n my opinion outdoor colours should not be too bold. When all is said and done, the aim is to relax and enjoy the green of nature about us. I think subdued, natural colours in the Hampton style are best; a good deck chair symbolises all that is best in outdoor furniture, and is comfortable even without any upholstery. By contrast, expansive sofas are ideal where you want to be seated for an extended period, for example in a food service environment.

Further information: rickmulligan.de

Helsinki is World Design Capital in 2012

While there are many awards that recognise individual accomplishments in design, the World Design Capital (WDC) designation is unique as it aims to focus on the broader essence of design’s impact on urban spaces, economies and citizens.

The designation provides a distinctive opportunity for cities to feature their accomplishments in attracting and promoting innovative design, as well as highlight their successes in urban revitalisation strategies. The World Design Capital is an initiative of the International Council of Societies of Industrial Design (ICSID).

Finnish design has a long and distinguished history. It is no exaggeration to say that design is ever-present in the Finnish lifestyle. Traditions are respected and the past is cherished, but above all, design represents the future. Finland is not interested in having a 365-day fireworks show. It wants to  go deeper into the new role of sustainable design from a broad perspective and achieve things whose impact will reach far into the future.

For further information: wdchelsinki2012.fi

Aalto University for example has a strong presence in the World Design Capital 2012 year with around 30 projects. The projects featured here involve particularly strong co-operative elements with multiple private, public and third sector partners.  The projects vary from social innovation, sustainability and urban design to future concepts and innovation.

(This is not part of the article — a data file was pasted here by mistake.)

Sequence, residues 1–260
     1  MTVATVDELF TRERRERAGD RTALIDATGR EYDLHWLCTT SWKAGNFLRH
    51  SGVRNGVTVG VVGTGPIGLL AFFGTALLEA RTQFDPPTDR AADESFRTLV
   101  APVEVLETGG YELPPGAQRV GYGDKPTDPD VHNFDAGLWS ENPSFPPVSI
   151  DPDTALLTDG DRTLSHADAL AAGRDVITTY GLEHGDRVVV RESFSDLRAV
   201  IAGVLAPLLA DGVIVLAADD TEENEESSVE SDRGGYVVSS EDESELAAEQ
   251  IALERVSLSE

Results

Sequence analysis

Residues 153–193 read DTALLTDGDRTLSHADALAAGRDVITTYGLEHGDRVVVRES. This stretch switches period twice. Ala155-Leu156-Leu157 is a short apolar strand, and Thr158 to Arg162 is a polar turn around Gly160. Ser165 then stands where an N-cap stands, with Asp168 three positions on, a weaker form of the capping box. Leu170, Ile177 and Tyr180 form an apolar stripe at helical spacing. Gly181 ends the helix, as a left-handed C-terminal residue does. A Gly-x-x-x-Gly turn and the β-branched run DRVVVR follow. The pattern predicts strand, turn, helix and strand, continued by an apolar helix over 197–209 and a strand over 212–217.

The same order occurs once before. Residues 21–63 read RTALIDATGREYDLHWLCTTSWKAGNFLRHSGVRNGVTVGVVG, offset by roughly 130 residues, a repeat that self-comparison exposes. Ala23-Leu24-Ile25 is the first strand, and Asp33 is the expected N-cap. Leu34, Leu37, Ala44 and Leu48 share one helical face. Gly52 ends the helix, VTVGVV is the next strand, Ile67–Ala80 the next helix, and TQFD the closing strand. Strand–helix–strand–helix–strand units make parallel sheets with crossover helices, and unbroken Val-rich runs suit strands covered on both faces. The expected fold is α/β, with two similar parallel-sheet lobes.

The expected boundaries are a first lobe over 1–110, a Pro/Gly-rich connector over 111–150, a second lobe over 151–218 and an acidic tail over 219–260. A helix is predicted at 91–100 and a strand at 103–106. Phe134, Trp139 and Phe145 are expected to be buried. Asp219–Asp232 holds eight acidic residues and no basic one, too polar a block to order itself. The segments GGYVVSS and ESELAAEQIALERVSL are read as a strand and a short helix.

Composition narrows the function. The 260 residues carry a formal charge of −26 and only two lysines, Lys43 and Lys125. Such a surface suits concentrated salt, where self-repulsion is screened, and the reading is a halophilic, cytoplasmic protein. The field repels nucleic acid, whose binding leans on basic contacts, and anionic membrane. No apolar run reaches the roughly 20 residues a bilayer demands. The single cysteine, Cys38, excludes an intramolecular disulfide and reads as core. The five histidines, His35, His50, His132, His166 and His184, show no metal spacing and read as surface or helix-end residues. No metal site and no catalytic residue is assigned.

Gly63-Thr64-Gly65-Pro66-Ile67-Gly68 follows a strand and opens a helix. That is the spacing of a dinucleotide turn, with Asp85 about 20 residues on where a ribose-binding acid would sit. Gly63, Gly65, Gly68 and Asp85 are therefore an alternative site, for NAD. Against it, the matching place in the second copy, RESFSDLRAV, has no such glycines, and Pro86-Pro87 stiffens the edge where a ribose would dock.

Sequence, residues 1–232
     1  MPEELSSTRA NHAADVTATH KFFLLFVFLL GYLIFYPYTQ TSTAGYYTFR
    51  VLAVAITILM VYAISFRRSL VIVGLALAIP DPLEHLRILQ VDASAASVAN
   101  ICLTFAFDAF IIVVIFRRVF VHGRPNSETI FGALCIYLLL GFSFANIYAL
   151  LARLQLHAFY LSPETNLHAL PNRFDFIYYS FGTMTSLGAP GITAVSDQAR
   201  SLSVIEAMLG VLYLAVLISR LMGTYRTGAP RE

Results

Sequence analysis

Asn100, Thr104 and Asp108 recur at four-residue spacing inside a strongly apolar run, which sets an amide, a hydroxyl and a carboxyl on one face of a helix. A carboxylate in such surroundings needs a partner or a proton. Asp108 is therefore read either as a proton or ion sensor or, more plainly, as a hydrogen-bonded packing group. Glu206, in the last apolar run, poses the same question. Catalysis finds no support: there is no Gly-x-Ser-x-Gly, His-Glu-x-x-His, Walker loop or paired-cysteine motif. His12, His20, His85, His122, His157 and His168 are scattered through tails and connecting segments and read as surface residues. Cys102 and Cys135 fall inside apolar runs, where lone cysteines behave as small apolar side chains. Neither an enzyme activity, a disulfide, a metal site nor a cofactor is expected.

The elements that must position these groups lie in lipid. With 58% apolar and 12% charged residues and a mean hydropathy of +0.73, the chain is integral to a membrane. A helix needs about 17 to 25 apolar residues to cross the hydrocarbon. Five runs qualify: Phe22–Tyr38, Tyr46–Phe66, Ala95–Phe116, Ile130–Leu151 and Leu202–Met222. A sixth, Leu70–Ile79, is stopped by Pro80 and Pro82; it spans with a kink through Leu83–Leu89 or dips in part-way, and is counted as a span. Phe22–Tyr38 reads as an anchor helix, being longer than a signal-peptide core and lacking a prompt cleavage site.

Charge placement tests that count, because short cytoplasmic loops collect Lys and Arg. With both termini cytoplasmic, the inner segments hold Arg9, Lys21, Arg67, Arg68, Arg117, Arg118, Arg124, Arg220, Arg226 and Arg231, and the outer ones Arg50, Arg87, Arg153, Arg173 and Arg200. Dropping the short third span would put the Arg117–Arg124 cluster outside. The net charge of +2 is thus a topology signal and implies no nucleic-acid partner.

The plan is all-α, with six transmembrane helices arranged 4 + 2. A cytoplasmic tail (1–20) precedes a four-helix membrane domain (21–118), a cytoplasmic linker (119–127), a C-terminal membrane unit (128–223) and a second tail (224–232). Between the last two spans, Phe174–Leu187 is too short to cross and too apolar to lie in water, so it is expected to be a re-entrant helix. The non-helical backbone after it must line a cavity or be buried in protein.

For further information: arts.aalto.fi/en



Resort Le Meridien Koh Samui: Water The Key Design Feature

Anyone entering these portals immediately abandons all thoughts of stress; for the Le Méridien Koh Samui Resort & Spa is next to the beautiful fine powdery sands of Lamai Beach at Koh Samui — Thailand’s third-largest island. The guest is now on an inspired journey of unmitigated relaxation.

The establishment combines traditional Asian elements with simple modernity, maximum comfort and convenience, creating an inspired atmosphere of relaxation, which draws all-comers in its wake. Many typical Thai elements are employed in the architecture and interior design of the 63 suites and 14 elegant villas, together with many hints of a culture rooted in Chinese history. The interior architecture is by designer Khun Jakarin from the well-known Begray Bangkok partnership. The resort has been laid out on the pattern of an Asian village with luxuriant vegetation, trees and flowers, based on the principles of Feng Shui. This places great emphasis on the use of natural materials such as wood, stone and water, together symbolising activity, happiness and wealth. A large, square decorative pool dominates the quadrangular open-air lobby while inside the villas and suites, water is a key feature of the generously-dimensioned bathing and shower facilities, small plunge- and paddling-pools. Pool villas have direct access to a generously-dimensioned pool area, while guests residing in the striking Ocean Front Pool Villas have a breathtaking view of the Gulf of Thailand.